Australian safety testing forces a recall of the Chinese-builtJ1 hatchback over the design and integrity of its seats, triggering a war of words between the importer and regulators.
The Australian Competition and Consumer Commission’s website says the vehicle has been voluntarily recalled because the integrity of the seat-frame structure may be compromised under certain operating conditions.
“There is an internal non-conformity of both front-seat backrests,” the ACCC says.
Owners of the 1.3L 5-door J1 hatchback are being told to contact their dealers to have both front seats removed and backrest assemblies replaced. New seat-mounting bolts will be used.
Priced at A$10,990 ($11,191), it is Australia’s least-expensive car. The J1 was given three stars in its Australasian New Car Assessment Program crash test after scoring only 16.97 points out of a possible 37.
ANCAP says the J1 has a “high risk of life-threatening chest injury in side impact.”
importer Ateco Automotive spokesman Daniel Cotterill was quoted in the media as saying the J1 would “almost certainly” get a 4-star rating if crash-tested again with the backrest assemblies of its front seats replaced and new seat-mounting bolts fitted.
This prompts ANCAP Chairman Lauchlan McIntosh to express concern over what he calls incorrect statements from Ateco.
“We are disappointed at these comments, particularly given (that) ANCAP works closely with the automotive industry to deliver safer vehicles for Australian motorists,” McIntosh says in a statement.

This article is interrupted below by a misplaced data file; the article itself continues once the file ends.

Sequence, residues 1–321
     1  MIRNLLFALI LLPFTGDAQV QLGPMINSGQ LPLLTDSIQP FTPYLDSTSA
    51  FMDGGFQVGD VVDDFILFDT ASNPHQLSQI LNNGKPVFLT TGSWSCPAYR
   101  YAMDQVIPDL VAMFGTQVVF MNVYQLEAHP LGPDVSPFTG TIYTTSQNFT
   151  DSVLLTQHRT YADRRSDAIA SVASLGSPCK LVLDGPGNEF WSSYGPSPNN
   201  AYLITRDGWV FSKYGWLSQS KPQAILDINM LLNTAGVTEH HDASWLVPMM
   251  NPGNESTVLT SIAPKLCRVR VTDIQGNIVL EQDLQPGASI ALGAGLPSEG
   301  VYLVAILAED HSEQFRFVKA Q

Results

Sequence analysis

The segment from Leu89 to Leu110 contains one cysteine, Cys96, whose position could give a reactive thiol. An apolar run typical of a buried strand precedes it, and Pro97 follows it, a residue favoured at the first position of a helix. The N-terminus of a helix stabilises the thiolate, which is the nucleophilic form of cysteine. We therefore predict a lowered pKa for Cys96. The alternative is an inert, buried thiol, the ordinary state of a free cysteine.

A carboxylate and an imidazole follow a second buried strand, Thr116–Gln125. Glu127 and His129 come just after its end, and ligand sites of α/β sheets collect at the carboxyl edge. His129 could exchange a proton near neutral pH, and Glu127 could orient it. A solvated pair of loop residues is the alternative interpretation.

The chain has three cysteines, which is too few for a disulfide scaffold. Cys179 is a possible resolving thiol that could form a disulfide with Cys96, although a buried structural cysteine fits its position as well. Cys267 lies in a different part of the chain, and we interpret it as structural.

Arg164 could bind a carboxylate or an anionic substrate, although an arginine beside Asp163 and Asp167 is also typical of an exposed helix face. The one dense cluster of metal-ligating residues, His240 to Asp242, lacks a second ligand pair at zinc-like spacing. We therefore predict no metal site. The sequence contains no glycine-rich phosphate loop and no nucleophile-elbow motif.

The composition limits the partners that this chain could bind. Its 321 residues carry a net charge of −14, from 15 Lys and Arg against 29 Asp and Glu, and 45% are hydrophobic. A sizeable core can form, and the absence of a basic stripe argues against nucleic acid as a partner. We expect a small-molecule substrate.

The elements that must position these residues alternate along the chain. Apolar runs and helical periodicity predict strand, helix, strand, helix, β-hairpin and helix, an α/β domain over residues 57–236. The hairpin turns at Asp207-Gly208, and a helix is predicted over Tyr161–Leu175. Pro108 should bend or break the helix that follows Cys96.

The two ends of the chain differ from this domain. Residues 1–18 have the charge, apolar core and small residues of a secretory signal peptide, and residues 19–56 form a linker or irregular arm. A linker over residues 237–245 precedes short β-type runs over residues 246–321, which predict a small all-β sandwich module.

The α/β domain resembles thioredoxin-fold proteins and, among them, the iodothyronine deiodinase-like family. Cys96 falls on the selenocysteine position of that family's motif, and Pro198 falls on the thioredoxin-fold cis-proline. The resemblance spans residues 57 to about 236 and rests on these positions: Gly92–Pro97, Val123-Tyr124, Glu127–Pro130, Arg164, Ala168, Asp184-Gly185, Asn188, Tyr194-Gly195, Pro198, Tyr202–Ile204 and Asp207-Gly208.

“The Chery J1 performed poorly in the crash tests – the passenger compartment lost structural integrity in the frontal impact test, providing limited protection from serious chest injury for the driver,” ANCAP says.
“The testing also threw up an issue concerning the design and integrity of the seats in the Chery J1, leading Chery to initiate a voluntary recall of the J1 to replace seat backs across the range.”
McIntosh says he was surprised to hear Cotterill’s comments.
“These comments are clearly incorrect, as the modifications would not impact the overall crash-test result, and the Ateco engineering staff should be aware of this,” he says.
Attempts to contact Ateco officials were unsuccessful and the company’s website is down.